As we get deeper into our constitutional korero, it is fitting that we draw on the experiences of other countries especially other democracies with strong constitutional cultures.
Our Chief Executive, Wendy McGuinness, has just attended a conference facilitated by the European Sustainable Development Network. The conference was held in Austria, a country that has had constitutional safeguards for the environment since 1984.
On June 13 2013, the Austrian Parliament adopted a constitutional law on sustainability. Para 1 of the law says: ‘The Republic of Austria (the federal, regional and municipal level) commits itself to the principle of sustainability in the use of natural resources in order to enable the highest quality of life for future generations.’
In Austria, the constitutional court can review the decisions of the executive if they don’t comply with the environmental charter of the constitution known as the Staatszielbestimmung. This was tested recently when the court threw out a statute granting permits to shipping companies. The Austrian Constitutional Court decided that the constitution ‘sufficiently guaranteed the consideration of environmental interest in the decision making process.’ Read the full article here.
They even have an environmental ombudsman who is charged with defending the interests of the environment, acting as a mediator between the public and the government in relation to environmental issues.
This sort of thing isn’t uncommon in Europe or worldwide for that matter. Environmental provisions are included in the constitutions of more than 90 countries, with Canada, China, Japan, New Zealand and the United States being some of the most notable hold outs. But environmental provisions have been more effective in some countries than others. Critics argue that at the end of the day constitutions are just words on a page without the cultures and institutions that support them. North Korea, for example, has provisions securing human rights and prosperity for all of its citizens, and we all know how that’s working out.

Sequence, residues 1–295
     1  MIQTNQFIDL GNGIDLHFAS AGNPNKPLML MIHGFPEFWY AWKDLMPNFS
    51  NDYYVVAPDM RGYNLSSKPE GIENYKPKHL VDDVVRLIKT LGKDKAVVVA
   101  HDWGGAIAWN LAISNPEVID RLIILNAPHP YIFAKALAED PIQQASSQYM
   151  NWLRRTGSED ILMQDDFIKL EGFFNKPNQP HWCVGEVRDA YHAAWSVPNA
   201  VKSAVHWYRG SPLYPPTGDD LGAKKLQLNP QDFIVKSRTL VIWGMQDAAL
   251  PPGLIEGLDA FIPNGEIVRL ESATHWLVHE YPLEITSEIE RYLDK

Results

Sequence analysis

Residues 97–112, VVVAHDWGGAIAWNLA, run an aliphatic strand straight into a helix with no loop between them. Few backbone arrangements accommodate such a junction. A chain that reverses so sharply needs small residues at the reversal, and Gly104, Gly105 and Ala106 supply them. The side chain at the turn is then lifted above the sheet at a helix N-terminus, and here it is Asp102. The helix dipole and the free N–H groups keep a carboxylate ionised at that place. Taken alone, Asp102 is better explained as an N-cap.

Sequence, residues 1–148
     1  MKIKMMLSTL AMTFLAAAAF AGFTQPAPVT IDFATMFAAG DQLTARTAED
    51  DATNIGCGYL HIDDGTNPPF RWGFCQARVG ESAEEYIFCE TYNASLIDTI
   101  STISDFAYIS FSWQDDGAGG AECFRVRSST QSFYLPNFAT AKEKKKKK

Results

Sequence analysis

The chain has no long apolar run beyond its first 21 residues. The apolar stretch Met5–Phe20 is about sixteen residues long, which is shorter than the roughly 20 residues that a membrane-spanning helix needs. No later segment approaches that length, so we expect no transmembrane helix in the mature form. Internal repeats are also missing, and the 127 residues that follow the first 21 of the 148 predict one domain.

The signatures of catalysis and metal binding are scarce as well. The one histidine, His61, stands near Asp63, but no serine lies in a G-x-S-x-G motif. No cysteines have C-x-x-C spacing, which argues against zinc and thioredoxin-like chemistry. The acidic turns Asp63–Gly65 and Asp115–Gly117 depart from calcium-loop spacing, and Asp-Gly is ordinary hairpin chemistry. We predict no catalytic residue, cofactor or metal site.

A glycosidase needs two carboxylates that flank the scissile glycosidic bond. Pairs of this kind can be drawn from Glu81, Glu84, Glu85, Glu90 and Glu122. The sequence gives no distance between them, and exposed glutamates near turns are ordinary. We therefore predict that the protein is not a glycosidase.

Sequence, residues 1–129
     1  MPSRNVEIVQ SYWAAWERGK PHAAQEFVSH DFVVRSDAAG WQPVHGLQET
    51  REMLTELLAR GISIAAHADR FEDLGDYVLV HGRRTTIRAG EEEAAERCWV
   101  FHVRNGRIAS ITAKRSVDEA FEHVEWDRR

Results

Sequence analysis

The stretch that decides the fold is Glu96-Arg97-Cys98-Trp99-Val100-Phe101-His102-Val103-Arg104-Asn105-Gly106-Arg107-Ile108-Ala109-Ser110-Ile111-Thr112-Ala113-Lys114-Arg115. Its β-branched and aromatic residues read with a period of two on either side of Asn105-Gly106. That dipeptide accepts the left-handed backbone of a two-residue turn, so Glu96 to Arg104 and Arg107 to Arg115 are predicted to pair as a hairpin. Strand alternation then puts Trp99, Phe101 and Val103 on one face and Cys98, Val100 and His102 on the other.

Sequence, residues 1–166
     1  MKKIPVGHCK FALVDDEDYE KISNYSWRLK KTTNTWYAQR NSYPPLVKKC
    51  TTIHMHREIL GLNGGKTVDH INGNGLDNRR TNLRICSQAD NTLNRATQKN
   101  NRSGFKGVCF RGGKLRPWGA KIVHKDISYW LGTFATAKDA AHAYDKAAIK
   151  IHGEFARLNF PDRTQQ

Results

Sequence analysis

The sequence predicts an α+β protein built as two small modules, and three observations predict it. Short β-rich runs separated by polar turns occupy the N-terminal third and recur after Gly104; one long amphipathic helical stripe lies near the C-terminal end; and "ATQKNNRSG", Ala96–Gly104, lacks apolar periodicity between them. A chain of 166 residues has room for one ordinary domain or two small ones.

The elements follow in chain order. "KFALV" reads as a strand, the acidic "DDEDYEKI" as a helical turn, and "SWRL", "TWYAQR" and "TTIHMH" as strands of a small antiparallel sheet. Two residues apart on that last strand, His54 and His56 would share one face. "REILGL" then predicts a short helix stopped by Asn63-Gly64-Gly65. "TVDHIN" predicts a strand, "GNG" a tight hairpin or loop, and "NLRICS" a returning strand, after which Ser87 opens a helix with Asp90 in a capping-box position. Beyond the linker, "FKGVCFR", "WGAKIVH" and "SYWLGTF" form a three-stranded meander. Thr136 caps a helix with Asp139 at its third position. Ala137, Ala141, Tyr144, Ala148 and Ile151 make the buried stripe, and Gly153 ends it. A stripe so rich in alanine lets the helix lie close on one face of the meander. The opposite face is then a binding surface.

In the book Environmental Rights Revolution, David Boyd (one of Canada’s leading environmental lawyers) measures the effectiveness of environmental provisions in national constitutions. He does so by analysing 193 constitutions and the court decisions of more than 100 states. Those countries with environmental protections in their constitution, he concludes, have stronger environmental laws, enhanced enforcement, greater government accountability, more access to information and public participation. Subsequently, they have smaller ecological foot prints and are reducing pollution at a much faster rate.
In 2004, France amended their constitution by adding an environmental charter. The preamble states ‘Decisions made responding to today’s needs should not compromise the capacity of future generations and other populations to satisfy their own needs,…’ Most notable in the Charter’s components is Article 5, which raises the ‘precautionary principle’ to constitutional status, trumping ordinary legislation. This shifts the onus and restricts the introduction of sprays, chemicals and genetically modified foods until scientists have proved that they are safe.
Besides the clean green image that is the foundation of our international brand, the environment is at the heart of our sense of national identity and constitutions are a good place to express such sentiments. As the historian Michael King pointed out, it was the unique environment more than anything else that made Polynesians Maori and Europeans Pakeha. We have a responsibility to protect this for future generations.
Photo by Chris Gregory.